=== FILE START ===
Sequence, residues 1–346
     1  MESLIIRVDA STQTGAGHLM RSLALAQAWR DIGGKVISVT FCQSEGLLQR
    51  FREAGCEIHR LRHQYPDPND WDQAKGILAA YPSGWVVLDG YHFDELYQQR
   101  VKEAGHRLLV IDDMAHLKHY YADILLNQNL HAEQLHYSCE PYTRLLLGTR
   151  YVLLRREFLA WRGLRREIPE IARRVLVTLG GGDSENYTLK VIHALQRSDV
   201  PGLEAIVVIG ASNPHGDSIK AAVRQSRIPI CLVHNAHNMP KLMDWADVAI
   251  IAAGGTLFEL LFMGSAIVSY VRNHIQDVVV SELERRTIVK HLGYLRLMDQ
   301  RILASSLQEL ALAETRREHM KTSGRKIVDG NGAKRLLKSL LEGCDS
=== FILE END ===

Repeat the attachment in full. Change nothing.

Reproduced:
Sequence, residues 1–346
     1  MESLIIRVDA STQTGAGHLM RSLALAQAWR DIGGKVISVT FCQSEGLLQR
    51  FREAGCEIHR LRHQYPDPND WDQAKGILAA YPSGWVVLDG YHFDELYQQR
   101  VKEAGHRLLV IDDMAHLKHY YADILLNQNL HAEQLHYSCE PYTRLLLGTR
   151  YVLLRREFLA WRGLRREIPE IARRVLVTLG GGDSENYTLK VIHALQRSDV
   201  PGLEAIVVIG ASNPHGDSIK AAVRQSRIPI CLVHNAHNMP KLMDWADVAI
   251  IAAGGTLFEL LFMGSAIVSY VRNHIQDVVV SELERRTIVK HLGYLRLMDQ
   301  RILASSLQEL ALAETRREHM KTSGRKIVDG NGAKRLLKSL LEGCDS